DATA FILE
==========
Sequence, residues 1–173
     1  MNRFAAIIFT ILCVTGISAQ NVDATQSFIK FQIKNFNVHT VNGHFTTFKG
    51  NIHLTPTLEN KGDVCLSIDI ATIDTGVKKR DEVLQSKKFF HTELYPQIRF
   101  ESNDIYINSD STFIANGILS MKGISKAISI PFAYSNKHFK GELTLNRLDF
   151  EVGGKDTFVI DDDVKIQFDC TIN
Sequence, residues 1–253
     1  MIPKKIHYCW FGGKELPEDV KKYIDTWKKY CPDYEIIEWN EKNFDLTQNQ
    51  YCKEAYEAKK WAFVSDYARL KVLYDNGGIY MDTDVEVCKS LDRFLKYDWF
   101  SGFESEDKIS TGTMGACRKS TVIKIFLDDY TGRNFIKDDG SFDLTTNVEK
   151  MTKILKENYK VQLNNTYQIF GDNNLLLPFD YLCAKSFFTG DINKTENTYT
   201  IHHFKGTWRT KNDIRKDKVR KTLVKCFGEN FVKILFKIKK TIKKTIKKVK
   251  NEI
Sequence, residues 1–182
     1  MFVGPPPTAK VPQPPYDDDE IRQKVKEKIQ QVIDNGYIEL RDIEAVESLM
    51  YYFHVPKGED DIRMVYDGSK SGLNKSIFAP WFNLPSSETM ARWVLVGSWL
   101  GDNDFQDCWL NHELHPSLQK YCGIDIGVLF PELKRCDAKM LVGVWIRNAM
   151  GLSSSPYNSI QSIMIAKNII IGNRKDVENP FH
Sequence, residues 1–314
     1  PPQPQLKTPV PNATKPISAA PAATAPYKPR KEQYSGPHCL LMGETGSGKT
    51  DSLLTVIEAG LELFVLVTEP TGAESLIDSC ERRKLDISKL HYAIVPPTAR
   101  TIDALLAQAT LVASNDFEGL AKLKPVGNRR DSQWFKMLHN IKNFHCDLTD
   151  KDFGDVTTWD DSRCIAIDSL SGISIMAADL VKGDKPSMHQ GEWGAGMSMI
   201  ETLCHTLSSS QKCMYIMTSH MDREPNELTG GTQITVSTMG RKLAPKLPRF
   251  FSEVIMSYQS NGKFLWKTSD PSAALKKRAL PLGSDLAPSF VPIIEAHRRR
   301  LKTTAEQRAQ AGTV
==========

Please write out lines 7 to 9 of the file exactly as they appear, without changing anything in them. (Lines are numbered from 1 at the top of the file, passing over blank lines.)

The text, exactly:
     1  MIPKKIHYCW FGGKELPEDV KKYIDTWKKY CPDYEIIEWN EKNFDLTQNQ
    51  YCKEAYEAKK WAFVSDYARL KVLYDNGGIY MDTDVEVCKS LDRFLKYDWF
   101  SGFESEDKIS TGTMGACRKS TVIKIFLDDY TGRNFIKDDG SFDLTTNVEK